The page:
• Do not swing in front of a bicyclist to make a right turn. Making a right turn after overtaking a bicyclist is also a cause of accidents. Drivers should slow down and stay behind the bicyclist, or look once, then again. Make sure you see the bicycle and know its speed before you turn.

 • Speeds of bicycles are hard to judge. They can vary from under 10 mph to over 35 mph. Good communication and eye contact between drivers and bicyclists are needed to prevent accidents.

Sharing the Road with Motorcycles and Big Trucks

Be alert for a motorcycle to appear unexpectedly. Due to a motorcycle’s size, its position within a lane of traffic will change as traffic conditions change. The motorcyclist should position himself in the lane to see and be seen. This often means riding in the left portion of the traffic lane to allow a better view of traffic and road situations. It also makes the motorcycle more visible to other traffic. However, as traffic and road conditions change, the rider may move. This move could be to the center of the lane or even to the right side to avoid traffic or to be seen by others on the road.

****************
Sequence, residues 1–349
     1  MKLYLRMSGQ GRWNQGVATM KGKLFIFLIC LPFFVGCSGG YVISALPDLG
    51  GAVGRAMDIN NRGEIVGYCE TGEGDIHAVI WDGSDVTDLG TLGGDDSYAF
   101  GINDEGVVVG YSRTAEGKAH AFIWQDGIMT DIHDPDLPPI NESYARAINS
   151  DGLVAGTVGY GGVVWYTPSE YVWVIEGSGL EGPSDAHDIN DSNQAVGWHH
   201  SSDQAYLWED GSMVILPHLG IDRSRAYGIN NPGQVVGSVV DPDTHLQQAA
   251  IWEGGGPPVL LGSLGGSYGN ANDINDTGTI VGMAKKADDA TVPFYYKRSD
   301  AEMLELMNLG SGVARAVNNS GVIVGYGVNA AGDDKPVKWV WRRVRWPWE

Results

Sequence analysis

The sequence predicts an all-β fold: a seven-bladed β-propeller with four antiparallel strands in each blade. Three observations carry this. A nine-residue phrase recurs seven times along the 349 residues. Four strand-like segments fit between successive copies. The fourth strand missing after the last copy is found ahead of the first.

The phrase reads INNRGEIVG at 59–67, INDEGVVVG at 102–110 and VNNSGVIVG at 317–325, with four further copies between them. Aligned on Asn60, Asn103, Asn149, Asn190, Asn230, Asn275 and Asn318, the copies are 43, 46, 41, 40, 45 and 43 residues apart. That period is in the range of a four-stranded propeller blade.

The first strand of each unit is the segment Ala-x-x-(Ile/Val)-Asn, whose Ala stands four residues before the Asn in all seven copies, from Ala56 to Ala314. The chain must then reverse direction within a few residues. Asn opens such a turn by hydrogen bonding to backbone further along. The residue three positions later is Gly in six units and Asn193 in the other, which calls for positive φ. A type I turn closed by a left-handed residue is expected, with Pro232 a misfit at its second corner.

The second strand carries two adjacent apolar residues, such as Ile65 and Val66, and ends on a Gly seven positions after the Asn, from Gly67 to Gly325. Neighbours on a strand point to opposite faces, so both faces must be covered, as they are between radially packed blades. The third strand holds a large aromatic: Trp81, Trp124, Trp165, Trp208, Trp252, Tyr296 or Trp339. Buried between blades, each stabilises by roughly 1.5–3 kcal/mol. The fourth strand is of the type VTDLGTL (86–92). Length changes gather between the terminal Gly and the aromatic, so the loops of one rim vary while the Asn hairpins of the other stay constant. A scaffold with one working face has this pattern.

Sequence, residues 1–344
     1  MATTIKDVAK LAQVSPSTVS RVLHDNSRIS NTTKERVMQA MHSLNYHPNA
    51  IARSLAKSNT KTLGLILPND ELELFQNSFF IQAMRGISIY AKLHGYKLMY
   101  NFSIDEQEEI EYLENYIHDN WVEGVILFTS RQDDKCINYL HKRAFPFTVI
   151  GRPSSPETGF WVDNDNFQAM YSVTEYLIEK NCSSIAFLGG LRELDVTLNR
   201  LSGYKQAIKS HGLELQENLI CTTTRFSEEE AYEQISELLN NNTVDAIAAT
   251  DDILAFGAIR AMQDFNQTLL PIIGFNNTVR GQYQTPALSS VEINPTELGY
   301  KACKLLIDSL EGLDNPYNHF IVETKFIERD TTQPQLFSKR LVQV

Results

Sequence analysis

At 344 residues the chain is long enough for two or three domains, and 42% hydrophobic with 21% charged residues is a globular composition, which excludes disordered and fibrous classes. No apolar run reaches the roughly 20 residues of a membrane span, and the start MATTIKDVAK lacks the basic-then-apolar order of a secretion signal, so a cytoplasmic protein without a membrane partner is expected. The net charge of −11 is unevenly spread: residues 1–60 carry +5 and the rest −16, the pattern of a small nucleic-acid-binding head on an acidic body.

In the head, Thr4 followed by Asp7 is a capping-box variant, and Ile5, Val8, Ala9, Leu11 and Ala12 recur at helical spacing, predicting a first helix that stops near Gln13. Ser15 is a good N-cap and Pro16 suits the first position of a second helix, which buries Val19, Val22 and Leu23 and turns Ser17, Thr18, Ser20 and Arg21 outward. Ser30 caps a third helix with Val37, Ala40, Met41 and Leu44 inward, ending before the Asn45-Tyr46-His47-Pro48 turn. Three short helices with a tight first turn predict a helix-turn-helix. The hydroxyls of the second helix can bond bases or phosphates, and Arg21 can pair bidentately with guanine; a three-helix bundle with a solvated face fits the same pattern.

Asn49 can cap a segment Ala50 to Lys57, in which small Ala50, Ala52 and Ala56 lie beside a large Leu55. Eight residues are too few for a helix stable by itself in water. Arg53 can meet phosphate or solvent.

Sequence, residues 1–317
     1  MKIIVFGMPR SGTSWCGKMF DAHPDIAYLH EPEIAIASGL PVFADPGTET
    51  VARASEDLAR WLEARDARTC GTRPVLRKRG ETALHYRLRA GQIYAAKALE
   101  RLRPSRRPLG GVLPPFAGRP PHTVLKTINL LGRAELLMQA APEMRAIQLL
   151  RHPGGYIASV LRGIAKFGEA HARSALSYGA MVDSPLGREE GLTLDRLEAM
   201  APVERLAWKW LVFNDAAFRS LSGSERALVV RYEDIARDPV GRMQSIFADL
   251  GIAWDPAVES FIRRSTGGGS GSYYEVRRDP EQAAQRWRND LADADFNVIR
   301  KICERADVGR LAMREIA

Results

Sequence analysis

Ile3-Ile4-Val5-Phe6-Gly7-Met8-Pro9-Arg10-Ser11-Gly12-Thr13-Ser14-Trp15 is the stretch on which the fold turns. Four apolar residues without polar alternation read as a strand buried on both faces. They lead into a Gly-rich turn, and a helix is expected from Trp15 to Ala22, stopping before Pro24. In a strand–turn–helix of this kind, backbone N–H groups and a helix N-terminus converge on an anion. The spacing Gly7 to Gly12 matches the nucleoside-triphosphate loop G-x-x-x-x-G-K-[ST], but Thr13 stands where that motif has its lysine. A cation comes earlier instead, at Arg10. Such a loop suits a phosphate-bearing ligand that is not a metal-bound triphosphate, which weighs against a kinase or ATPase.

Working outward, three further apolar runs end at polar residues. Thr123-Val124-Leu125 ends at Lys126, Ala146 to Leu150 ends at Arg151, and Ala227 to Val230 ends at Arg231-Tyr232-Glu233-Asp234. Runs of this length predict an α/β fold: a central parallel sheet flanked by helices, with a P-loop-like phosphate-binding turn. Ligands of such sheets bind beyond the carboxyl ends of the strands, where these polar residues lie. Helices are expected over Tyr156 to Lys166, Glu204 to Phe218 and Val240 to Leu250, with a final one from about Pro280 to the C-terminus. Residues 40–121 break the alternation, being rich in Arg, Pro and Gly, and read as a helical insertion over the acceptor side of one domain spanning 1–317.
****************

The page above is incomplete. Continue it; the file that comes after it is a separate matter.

It takes special driving skills and knowledge to drive safely around big trucks. You cannot drive around a big truck the way you drive around other vehicles. The most important tip is to give a wide clearance (berth) to the big truck. Collisions between large trucks and lighter vehicles frequently result in death in the driver or occupants of the “other vehicles.”

Remember, trucks don’t drive like cars. Generally speaking, the bigger the truck is:

  • The bigger its blind spots.